While there is no decision yet from the Supreme Court of Canada, given that certification after a secret vote already entails forcing the unwilling minority who voted against unionization to join, pay for and have to live under a union they did not want, it seems unlikely card check is a democratic way to impose unionization on the unwilling
In a dramatic reversal of policy and without any consultation, the BC NDP government introduced legislation on April 6 that will allow unions to be “certified” as a union based only on showing 55 per cent have “signed” a union card (“card check”).
The change will eliminate the longstanding requirement in B.C. and elsewhere that employees decide whether to unionize by a secret vote. Several years ago, an NDP-appointed expert panel recommended against card check. Scroll forward to an NDP majority and it is ignoring that and paying back its union supporters with “card check.”
What does card check mean?
With card check, union organizers need to get only 55 per cent of employees to demonstrate some support for the union by signing a card at no cost. Many sign a card figuring they will still get to vote. When the union has collected cards from 55 per cent of the employees, it applies to the Labour Relations Board (LRB) to be certified. The LRB does only a superficial check of the cards and does not ask the card-signing employees if they understood the consequences of unionization or have changed their minds. Assuming 55 per cent of what appear to be employees have signed cards, within days, the employer is told it is unionized and all employees are told they are now represented by the union. If the cards show only 45 per cent to 55 per cent support, a secret vote is still held.
Once unionized, the employees’ relationship with their employer is transformed, including:
• unionized employees must deal with the employer strictly through the union e.g. an employee can no longer agree on his or her own to a revised schedule without union approval;
• all employees must pay union dues, a portion of which goes to political donations, usually to … the NDP provincially;
• the union will negotiate a first collective agreement that may or may not offer better terms of employment but will in every case give much more protection to seniority than to merit; and
• employees lose their (usually significant) non-union severance rights and instead typically only get skimpy employment standards minimum notice/severance.
This is not to say that unionization does not yield benefits for many workers, but only to say that not every employee may think unionization is a good thing and that most do not understand the pros and cons or the consequences of signing a union card under card check. This makes a secret vote so important.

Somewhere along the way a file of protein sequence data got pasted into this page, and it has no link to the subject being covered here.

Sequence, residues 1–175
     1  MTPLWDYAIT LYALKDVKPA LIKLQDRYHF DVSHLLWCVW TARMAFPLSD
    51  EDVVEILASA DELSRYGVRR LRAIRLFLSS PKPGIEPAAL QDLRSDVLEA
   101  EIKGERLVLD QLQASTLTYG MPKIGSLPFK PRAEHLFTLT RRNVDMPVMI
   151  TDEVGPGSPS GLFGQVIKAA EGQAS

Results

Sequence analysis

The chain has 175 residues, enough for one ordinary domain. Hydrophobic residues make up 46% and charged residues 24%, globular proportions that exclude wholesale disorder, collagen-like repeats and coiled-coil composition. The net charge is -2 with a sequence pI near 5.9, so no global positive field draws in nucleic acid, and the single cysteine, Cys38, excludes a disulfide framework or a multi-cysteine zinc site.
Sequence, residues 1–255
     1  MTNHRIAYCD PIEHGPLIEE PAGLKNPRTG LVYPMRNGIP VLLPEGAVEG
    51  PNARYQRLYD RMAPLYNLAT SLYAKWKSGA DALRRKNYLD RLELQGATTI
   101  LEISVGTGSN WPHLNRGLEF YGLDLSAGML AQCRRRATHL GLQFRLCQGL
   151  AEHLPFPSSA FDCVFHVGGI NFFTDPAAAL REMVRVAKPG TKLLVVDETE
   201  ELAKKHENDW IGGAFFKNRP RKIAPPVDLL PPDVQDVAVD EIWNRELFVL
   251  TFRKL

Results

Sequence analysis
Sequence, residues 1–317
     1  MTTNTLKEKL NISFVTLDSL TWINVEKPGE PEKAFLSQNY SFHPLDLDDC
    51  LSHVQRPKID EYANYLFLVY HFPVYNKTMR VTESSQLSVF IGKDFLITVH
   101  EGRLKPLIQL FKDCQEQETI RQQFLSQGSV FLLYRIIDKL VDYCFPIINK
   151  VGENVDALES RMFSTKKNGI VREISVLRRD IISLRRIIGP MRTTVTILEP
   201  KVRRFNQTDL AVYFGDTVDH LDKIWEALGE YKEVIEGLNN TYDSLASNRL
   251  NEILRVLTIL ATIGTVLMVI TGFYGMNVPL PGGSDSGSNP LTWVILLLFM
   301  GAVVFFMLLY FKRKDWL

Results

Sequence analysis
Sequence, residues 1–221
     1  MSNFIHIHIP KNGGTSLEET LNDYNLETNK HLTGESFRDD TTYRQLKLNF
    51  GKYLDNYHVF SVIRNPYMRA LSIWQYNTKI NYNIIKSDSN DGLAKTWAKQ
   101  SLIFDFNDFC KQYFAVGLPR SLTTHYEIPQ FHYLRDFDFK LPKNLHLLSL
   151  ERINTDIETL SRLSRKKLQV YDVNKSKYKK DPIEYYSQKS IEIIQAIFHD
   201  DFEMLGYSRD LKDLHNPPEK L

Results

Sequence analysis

The problems with card check
Unions point out that under the secret vote system, there is often a period when the employer knows organizing is underway and can try to persuade or even coerce employees not to vote for the union. Outright coercion is banned and rarely happens in B.C. these days. In my experience, often the employer learns of unionizing activity only when notified of the vote by the LRB of a vote a day or two later.
What unions fail to mention is that card check is subject to these common problems/abuses:
• unions make bold claims to workers about what they will achieve with no contradictory information available from the employers and no real accountability for delivering on those promises. A client of mine ended up seeing a sister company with an immigrant workforce unionized after organizers told employees that they and their family members would get (government issued) visas and work permits if they unionized – a blatant lie that the immigrants were apparently unable to see was such;
• many employees, due to language barriers and lack of understanding of the unionization process, wrongly assume that signing a card just means they will get a chance later to vote in secret, which until now was a correct assumption;
• the union does not explain the consequences and costs of unionization, including union dues;
•when card-signers change their mind, there is no easy process for withdrawing support nor any LRB practise of confirming actual/continued support; and
• peer pressure can sometimes result in employees who don’t really support the union signing a card just to “go along” with others.
More problematically, in the author’s view, card check certification without a secret vote is likely unconstitutional as a breach of the freedom “not to associate” under the Charter of Rights and Freedoms.
While there is no decision yet from the Supreme Court of Canada, given that certification after a secret vote already entails forcing the unwilling minority who voted against unionization to join, pay for and have to live under a union they did not want, it seems unlikely card check is a democratic way to impose unionization on the unwilling.
These amendments will be law soon. Employers, particularly in harder to unionize service sector and higher turnover lower wage businesses, need to realize that card check will increase ease of unionization. By contrast, “decertifying” remains difficult and slow. Employers with even the slightest risk of unionization should be reviewing how to manage the enhanced risk of unionization with experienced legal counsel.
Both employers and employees who are concerned about freedom of expression and association in the workplace should consider contacting your MLAs to express your concerns – particularly if they are NDP.
This article is a general summary and does not constitute legal advice. •
J. Geoffrey Howard is principal and founder of Howard Employment Law.